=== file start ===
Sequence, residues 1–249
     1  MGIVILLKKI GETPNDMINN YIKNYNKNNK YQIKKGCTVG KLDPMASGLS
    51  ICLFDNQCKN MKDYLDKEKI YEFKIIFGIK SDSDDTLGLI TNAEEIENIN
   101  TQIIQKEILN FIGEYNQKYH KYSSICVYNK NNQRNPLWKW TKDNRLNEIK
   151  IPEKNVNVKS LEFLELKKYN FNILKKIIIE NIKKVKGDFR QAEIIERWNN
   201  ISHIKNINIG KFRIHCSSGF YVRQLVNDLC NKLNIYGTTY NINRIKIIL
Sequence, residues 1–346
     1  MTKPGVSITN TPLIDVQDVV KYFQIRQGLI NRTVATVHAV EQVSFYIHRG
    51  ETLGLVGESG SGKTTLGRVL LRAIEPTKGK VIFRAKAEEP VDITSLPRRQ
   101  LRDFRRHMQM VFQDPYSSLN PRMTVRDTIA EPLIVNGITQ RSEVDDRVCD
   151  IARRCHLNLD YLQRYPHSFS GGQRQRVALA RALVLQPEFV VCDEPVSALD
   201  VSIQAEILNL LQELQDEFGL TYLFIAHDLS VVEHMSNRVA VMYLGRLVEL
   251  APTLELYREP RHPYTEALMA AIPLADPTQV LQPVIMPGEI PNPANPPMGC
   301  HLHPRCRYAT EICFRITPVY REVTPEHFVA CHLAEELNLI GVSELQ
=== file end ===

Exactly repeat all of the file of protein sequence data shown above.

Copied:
Sequence, residues 1–249
     1  MGIVILLKKI GETPNDMINN YIKNYNKNNK YQIKKGCTVG KLDPMASGLS
    51  ICLFDNQCKN MKDYLDKEKI YEFKIIFGIK SDSDDTLGLI TNAEEIENIN
   101  TQIIQKEILN FIGEYNQKYH KYSSICVYNK NNQRNPLWKW TKDNRLNEIK
   151  IPEKNVNVKS LEFLELKKYN FNILKKIIIE NIKKVKGDFR QAEIIERWNN
   201  ISHIKNINIG KFRIHCSSGF YVRQLVNDLC NKLNIYGTTY NINRIKIIL
Sequence, residues 1–346
     1  MTKPGVSITN TPLIDVQDVV KYFQIRQGLI NRTVATVHAV EQVSFYIHRG
    51  ETLGLVGESG SGKTTLGRVL LRAIEPTKGK VIFRAKAEEP VDITSLPRRQ
   101  LRDFRRHMQM VFQDPYSSLN PRMTVRDTIA EPLIVNGITQ RSEVDDRVCD
   151  IARRCHLNLD YLQRYPHSFS GGQRQRVALA RALVLQPEFV VCDEPVSALD
   201  VSIQAEILNL LQELQDEFGL TYLFIAHDLS VVEHMSNRVA VMYLGRLVEL
   251  APTLELYREP RHPYTEALMA AIPLADPTQV LQPVIMPGEI PNPANPPMGC
   301  HLHPRCRYAT EICFRITPVY REVTPEHFVA CHLAEELNLI GVSELQ